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One does not need to search very far to begin to see some of such impact. To their credit, some Nigerian media organisations have already established a strong presence in cyberspace, amongst the pioneers are The Guardian Newspapers (www.ngrguardiannews.com), The Thisday Newspaper group (www.thisdayonline.com), The Independent Newspaper group (www.independentng.com), New Age Newspaper (www.newage-online.com) and so on.
These media houses have continued to be veritable sources of news and information to both Nigerians at home and in the diaspora. The Guardian’s website and chartroom at inception was a rallying point for Nigerians at home and abroad to meet and discuss common issues of national importance. It can be said therefore that the Nigerian media are measuring up with their counterparts in other parts of the world by their maintaining strategic presence on the information super highway.
However, any such attempt at ‘rubbing shoulders’ with the western media stops just with the internet sites some Nigerian media organisations have managed to set up. As other facilities and resources are still largely unavailable to Nigerian journalists, for example, company sponsored laptop computers with mobile internet access, digital recording devices, open access mobile telephones, plus salaries that take into consideration global trends, market prices and national inflation rates.
At the heart of the issue of the Internet providing the Nigerian media with a wider audience to, is also the problem of reduced cover price revenues and advertisements. The latter being closely linked to each other. Nigerians popularised the FAN (free readers association of Nigeria) concept, a term and acronym used to refer to the practice of locals congregating around newspaper vendors’ tables to read newspapers and magazines for free without actually buying any, probably a reflection of the socio-economic circumstances and intellectual awareness of the people that indulge in such activities (the FANatics).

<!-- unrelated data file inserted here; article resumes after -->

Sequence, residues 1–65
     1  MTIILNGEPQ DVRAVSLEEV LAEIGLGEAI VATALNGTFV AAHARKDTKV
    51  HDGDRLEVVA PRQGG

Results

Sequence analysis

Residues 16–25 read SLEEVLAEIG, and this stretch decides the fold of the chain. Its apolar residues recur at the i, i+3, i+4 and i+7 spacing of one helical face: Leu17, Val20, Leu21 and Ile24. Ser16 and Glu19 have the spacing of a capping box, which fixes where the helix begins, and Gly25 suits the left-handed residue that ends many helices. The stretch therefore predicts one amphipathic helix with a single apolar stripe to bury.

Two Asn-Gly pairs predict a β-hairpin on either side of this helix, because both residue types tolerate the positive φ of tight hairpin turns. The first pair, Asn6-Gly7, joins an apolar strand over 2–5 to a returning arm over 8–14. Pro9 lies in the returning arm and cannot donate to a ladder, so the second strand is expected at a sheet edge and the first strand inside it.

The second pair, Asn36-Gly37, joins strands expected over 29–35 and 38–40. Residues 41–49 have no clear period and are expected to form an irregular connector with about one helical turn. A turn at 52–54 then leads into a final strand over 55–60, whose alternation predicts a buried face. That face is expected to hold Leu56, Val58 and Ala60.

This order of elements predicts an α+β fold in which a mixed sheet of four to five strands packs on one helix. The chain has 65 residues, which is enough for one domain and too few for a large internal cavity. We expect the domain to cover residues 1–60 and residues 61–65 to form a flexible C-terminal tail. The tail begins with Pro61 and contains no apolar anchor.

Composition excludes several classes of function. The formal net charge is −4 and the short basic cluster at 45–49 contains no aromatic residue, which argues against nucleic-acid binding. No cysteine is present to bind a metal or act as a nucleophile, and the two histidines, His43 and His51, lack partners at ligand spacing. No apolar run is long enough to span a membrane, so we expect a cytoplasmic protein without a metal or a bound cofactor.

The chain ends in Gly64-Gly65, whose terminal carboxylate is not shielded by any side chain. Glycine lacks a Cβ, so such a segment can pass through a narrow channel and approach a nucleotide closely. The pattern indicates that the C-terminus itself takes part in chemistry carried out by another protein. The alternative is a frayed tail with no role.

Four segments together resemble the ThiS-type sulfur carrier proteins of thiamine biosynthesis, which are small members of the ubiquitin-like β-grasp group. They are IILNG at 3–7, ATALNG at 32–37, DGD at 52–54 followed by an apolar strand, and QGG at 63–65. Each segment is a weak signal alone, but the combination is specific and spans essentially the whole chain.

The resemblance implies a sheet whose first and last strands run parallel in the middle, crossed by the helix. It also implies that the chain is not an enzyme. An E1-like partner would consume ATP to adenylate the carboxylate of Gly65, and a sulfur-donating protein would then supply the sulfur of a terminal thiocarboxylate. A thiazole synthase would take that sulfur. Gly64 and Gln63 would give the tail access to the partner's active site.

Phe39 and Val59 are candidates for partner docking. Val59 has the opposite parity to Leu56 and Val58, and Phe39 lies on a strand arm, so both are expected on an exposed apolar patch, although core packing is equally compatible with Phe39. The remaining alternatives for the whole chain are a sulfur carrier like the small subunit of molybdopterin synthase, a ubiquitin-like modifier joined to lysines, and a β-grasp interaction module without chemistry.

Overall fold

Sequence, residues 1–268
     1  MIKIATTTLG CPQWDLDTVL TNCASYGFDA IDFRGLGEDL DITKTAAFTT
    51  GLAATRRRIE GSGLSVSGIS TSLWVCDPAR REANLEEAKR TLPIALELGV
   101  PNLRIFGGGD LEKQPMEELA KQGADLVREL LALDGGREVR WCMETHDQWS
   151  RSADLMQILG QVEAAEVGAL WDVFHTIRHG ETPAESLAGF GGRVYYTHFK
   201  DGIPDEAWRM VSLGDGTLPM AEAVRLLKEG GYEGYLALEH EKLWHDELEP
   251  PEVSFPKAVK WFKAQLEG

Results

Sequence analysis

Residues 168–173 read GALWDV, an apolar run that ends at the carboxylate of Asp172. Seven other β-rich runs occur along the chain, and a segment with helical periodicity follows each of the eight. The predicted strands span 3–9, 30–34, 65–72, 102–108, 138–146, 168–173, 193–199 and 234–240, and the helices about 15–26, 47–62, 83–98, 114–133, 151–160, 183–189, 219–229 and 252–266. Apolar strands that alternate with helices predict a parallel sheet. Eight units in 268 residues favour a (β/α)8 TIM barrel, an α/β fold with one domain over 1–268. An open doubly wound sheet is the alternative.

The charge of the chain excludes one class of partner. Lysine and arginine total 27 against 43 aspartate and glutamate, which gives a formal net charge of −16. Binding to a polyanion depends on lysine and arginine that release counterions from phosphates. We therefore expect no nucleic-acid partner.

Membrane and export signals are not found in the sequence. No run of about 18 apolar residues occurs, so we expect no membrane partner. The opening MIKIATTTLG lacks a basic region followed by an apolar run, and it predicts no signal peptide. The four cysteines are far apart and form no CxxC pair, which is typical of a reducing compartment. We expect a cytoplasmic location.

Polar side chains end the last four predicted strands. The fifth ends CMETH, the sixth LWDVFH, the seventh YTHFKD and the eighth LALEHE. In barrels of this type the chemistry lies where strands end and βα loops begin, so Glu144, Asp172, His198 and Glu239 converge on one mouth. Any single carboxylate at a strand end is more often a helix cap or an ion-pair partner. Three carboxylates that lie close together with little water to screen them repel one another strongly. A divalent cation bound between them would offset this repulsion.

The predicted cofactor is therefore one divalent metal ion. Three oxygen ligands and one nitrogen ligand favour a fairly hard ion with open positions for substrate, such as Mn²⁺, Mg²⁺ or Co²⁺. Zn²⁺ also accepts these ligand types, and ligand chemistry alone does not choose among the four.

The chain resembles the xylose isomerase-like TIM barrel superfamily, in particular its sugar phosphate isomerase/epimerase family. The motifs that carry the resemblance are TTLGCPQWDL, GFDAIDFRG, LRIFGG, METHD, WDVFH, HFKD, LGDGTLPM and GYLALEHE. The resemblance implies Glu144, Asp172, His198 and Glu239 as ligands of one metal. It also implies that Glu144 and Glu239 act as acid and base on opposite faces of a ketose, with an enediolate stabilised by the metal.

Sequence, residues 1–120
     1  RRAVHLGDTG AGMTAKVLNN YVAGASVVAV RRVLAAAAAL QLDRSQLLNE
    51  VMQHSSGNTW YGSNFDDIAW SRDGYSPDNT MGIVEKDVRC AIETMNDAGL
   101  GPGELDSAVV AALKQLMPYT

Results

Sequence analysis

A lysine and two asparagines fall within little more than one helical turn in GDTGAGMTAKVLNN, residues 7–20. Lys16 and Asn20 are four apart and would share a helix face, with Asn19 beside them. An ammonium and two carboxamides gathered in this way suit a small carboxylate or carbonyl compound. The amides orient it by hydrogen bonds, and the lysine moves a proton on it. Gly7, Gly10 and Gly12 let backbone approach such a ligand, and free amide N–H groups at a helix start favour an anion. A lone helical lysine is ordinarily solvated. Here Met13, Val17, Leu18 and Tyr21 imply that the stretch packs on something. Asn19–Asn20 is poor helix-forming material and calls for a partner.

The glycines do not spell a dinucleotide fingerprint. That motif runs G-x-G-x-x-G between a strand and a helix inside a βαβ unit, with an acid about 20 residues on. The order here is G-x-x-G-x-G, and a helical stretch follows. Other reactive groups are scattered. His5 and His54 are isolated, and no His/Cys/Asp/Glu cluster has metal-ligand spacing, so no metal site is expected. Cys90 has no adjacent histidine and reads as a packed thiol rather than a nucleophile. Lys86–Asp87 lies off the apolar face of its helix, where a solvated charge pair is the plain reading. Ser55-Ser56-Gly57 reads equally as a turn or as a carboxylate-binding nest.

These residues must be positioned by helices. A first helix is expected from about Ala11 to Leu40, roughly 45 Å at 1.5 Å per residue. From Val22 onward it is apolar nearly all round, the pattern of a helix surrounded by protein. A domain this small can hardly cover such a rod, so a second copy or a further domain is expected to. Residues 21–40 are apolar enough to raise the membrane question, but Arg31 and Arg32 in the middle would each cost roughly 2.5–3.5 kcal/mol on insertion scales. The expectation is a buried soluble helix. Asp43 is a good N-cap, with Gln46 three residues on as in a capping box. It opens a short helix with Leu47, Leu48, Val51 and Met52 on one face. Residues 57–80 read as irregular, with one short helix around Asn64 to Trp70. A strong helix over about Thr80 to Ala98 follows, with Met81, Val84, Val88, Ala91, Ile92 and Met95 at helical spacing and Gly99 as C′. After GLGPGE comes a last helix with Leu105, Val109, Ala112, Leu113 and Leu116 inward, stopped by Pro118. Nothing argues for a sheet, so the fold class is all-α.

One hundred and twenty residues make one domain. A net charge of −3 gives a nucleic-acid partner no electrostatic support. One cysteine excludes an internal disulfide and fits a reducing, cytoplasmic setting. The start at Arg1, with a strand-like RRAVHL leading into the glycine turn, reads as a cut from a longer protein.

It may seem now that such practices have now been elevated and taken to another level with the advent of the internet, since the free readers or punters now only need to log on and then freely read any newspaper or magazine of their choice, this obviously will have a huge impact on revenues as less hard copies will be bought.
The matter is largely compounded by the fact that Nigerian advertisers have not yet started taking advantage of the opportunities presented by the internet, to advertise their products and services in the websites of some of these media organisations. Only a few advertisers are doing this at the moment. It was hoped that such advertisements may actually increase so that the free news now readily available on the internet can be subsidised, and also to make up for the shortfall from the hard copy sales.